By Jim Schutze
By Rachel Watts
By Lauren Drewes Daniels
By Anna Merlan
By Lee Escobedo
On a cloudy May morning, the 1,700 students of Bryan Adams High School enter the building in different states of haste, some racing to class to beat the 8:35 bell, some loitering with friends unaware of time or space, some openly defiant and bent on being tardy.
A metal detector slows down traffic and Fanny Aragon, as she stands in a line of students and grows anxious about being late. Aragon, 16, hands over her bags for inspection. Inside her black purse sits the key to her punctuality, a Global Positioning System, which tracks her whereabouts 24/7 in a court-ordered attempt to keep her in school. Aragon has a history of ditching class, missing the majority of her first semester in the ninth grade because of a miscarriage. She spent some time in the hospital and then simply couldn't muster the strength to come back to school.
"I felt depressed and didn't want to socialize," Aragon says. "I just wanted to be by myself."
The GPS device she carries is lightweight, looks like a walkie-talkie and is part of an innovative program to prevent students from dropping out. Aragon is one of the thousands of Dallas adolescents whose chronic truancy—missing more than 50 school days a year—swells the dockets of Dallas County's four truancy courts. The program, administered by the Dallas County Truancy Court-North, is called Attendance Improvement Management and is one of only a few programs nationwide using GPS to force kids to attend school.
AIM's monitoring system employs a cell phone and provides for constant surveillance via satellite, tracking Aragon's position within 5 to 10 feet of her location. The signal is picked up every 10 minutes and sent to a computer, but since most kids live close to school, each one is required to press a locator button three times in case the signal is lost inside the building. Aragon does this three times a day: when she arrives at school in the morning, at lunchtime and after coming home for her obligatory 9 p.m. curfew when she receives an automated digital phone call that requires her to call back within three minutes. Upon returning the call, she must read a series of numbers, and the system recognizes her voice, which confirms her identity. If Aragon does not respond to calls or isn't where she's supposed to be, a Dallas County constable picks her up and brings her to court.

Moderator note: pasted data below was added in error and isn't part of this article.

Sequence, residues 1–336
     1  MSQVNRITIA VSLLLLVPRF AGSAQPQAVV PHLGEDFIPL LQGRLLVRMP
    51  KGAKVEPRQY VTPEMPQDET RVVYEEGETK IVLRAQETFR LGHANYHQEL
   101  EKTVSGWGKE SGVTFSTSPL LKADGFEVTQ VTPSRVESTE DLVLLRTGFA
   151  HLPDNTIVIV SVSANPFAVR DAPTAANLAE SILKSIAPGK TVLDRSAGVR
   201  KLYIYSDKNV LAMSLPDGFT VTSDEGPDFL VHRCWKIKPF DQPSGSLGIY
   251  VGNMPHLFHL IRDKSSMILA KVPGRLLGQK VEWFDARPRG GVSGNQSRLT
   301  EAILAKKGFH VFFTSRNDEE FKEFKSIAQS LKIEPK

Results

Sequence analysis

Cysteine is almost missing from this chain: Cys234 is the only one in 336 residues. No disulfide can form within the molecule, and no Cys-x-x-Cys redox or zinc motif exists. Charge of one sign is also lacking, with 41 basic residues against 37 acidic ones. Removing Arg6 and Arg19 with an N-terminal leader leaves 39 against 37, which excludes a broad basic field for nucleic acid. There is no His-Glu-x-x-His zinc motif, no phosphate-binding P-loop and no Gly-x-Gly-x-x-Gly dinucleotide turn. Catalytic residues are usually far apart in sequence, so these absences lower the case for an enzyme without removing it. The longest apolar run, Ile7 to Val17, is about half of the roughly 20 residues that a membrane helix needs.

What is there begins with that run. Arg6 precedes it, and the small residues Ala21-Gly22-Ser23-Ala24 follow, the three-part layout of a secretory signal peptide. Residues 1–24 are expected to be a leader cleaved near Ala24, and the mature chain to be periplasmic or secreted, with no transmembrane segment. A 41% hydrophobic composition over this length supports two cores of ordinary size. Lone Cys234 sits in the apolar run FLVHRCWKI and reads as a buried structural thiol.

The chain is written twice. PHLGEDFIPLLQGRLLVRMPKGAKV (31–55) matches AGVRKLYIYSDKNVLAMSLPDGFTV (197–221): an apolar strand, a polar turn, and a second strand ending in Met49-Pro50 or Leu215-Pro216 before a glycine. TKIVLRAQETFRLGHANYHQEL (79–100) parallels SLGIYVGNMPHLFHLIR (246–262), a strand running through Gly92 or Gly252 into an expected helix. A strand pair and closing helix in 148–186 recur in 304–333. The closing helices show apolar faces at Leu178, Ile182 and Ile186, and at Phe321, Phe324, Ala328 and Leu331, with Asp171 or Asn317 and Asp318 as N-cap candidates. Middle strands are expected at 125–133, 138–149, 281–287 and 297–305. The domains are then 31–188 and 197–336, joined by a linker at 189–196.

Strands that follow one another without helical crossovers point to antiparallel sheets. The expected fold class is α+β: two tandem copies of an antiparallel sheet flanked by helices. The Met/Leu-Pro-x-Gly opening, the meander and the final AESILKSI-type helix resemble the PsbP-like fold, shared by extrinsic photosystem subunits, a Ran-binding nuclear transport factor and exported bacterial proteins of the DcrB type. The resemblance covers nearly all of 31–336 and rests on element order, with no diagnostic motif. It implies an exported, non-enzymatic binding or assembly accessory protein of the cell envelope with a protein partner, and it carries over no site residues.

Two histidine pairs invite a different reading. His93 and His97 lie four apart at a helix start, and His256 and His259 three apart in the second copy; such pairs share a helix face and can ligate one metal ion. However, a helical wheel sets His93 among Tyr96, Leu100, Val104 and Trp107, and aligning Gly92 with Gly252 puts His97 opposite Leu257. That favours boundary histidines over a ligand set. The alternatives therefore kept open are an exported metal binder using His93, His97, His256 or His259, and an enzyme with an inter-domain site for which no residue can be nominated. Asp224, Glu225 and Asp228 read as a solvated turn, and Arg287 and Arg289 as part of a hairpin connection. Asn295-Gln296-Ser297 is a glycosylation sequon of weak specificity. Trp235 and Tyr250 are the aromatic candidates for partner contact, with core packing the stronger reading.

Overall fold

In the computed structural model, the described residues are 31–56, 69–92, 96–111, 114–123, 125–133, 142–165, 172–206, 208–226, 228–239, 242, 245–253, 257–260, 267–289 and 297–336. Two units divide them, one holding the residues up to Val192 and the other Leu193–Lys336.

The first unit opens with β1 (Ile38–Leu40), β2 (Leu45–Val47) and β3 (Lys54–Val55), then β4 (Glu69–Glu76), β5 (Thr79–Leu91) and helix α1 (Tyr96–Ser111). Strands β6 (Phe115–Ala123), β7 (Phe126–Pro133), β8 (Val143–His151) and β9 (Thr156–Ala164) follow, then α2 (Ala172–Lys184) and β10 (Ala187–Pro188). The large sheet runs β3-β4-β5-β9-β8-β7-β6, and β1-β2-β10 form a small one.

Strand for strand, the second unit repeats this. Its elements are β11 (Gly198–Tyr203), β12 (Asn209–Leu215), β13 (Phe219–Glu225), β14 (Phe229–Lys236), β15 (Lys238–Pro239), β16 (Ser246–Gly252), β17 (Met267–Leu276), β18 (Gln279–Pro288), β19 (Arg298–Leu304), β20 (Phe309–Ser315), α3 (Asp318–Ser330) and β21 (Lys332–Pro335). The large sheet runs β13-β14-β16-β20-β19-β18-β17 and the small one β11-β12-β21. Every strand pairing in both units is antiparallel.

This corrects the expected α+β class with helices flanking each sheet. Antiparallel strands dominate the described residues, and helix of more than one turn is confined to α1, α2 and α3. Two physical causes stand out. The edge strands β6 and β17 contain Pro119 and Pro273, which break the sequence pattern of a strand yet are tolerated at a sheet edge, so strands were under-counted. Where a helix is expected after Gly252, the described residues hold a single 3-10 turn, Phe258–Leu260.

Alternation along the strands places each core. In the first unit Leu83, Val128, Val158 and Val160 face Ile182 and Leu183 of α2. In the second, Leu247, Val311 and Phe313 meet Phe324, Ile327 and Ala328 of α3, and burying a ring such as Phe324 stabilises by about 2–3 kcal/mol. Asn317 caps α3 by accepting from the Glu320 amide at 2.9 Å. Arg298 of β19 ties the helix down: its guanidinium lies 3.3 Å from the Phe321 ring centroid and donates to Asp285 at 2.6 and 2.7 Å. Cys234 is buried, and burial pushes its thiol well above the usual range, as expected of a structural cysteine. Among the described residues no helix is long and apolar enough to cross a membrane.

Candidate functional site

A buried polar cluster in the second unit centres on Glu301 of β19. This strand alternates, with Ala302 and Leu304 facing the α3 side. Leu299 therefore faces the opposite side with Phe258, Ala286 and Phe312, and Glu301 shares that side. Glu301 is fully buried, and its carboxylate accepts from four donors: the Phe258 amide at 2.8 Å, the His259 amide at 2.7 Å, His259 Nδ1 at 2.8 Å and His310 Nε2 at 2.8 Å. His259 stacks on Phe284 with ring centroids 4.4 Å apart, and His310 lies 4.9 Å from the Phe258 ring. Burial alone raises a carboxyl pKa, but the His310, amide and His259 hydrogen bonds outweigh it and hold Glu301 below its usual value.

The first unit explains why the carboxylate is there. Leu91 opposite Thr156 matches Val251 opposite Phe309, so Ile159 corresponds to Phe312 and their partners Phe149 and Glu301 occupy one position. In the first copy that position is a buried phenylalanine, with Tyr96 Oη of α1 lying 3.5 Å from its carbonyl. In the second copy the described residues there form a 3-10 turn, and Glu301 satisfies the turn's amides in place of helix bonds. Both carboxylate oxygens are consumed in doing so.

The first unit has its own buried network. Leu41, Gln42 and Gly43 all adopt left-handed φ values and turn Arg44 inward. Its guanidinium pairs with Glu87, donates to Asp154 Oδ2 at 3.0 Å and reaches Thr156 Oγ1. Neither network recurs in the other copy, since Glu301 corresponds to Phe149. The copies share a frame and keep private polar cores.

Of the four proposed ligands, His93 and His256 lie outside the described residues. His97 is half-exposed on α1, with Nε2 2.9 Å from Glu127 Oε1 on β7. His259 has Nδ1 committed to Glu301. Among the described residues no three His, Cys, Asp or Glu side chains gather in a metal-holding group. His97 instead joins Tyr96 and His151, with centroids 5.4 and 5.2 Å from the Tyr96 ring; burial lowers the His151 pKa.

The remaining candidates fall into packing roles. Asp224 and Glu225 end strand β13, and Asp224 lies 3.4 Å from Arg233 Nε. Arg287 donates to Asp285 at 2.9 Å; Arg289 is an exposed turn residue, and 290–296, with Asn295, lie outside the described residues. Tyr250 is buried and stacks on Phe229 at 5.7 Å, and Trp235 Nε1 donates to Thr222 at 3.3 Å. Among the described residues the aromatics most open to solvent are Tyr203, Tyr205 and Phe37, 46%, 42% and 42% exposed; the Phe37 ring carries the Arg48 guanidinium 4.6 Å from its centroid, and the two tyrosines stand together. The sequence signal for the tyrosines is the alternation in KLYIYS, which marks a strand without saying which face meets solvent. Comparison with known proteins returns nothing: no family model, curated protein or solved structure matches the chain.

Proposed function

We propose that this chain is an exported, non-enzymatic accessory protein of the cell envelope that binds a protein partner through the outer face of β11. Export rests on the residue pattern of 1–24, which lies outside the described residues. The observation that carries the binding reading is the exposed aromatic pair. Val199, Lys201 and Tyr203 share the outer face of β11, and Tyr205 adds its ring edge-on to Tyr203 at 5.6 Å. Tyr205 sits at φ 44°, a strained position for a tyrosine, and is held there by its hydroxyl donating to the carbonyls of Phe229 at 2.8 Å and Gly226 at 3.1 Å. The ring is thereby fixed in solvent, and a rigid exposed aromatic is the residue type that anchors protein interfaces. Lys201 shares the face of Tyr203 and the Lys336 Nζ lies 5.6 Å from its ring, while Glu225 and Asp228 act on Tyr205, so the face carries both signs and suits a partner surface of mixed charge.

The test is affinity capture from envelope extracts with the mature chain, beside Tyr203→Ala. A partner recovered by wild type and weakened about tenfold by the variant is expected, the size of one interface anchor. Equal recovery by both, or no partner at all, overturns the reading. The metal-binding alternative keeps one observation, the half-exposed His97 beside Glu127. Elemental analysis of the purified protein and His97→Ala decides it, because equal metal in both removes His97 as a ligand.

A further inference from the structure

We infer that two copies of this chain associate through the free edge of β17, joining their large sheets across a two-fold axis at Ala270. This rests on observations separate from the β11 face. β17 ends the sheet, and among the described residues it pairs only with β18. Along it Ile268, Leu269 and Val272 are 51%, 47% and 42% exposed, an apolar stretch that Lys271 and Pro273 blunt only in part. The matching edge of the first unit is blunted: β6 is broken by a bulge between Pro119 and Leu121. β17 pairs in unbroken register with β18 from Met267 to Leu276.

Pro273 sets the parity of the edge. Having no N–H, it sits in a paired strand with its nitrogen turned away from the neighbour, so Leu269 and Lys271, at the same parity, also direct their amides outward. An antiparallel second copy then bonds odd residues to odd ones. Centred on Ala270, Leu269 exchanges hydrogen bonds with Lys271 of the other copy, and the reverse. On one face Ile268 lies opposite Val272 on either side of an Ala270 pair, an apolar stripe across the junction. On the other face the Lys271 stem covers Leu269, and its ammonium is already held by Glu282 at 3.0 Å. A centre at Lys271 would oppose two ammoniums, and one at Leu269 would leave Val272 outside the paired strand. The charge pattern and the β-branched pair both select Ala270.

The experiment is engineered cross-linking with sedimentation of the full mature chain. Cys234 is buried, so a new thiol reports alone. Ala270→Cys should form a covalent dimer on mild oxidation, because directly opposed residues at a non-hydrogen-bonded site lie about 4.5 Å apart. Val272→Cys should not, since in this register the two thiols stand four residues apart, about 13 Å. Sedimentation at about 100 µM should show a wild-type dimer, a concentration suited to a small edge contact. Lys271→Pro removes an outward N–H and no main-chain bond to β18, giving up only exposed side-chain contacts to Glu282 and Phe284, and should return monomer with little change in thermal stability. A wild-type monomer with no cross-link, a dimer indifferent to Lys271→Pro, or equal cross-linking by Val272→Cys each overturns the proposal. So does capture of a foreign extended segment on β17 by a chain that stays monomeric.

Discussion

Those who work with dropouts say truancy is just the symptom of much deeper problems. Some kids cut class because they are drinking and drugging, others are too tired to come to school because they work late to help their families pay bills or baby-sit their younger siblings so their parents can work late. Some are runaways or throwaways, having no one at home who gives a damn about them, much less their education. And some are just plain lazy.
The magnitude of the problem is staggering as well. Thirty-seven percent of all high school freshmen in the Dallas Independent School District—more than 5,000 students—are expected to drop out this year. In April, a study by the Editorial Projects in Education Research Center ranked Dallas the seventh worst among the 50 largest cities, with a 44.4 percent graduation rate in 2004. And the societal cost of dropping out goes far beyond the dumbing down of the populace. Studies reveal that chronic truants who drop out may be doomed to a lifetime of poverty and poor-paying jobs. The dropout rate is a predictor for future involvement in gang activity, drug use and daytime burglaries.
That is why applying a high-tech, one-size-fits-all Band-Aid to solve such a complex social problem seems at best insubstantial.
But Dallas County, to its credit, has taken a comprehensive approach to truancy, using the soft touch of social services to address the root causes of truant behavior, and the hard press of truancy courts to enforce the law against parent and child alike. Principals committed to this approach such as Bryan Adams' Cindy Goodsell have dramatically altered attitudes in their schools by reducing truancy and making their schools a safer place to learn. But the driving political force behind reducing truancy in Dallas County has been County Commissioner Mike Cantrell who, along with Principal Goodsell, has become a champion of the AIM program.
Although the program's local founders, Dr. Paul Pottinger and Shelton Stogner, cite Pottinger's recent study chronicling the success of their program, they were surprised to learn that the program affects more than truancy rates. "What we learned is a little bit of attention, respect and focus on these kids goes a long way," Pottinger says.
Before Aragon became one of nine Bryan Adams students to take part in this spring's pilot program, she stayed out late on weeknights and spent most weekends at a friend's house. She says depression was the cause of her truancy and spending time with friends at night became her only escape. But the AIM curfew forced her to be at home and spend more time with her mother and sister, improving her relationships with them and giving her more time to study. Aragon now says that after graduating from Bryan Adams, she hopes to attend college and then law school.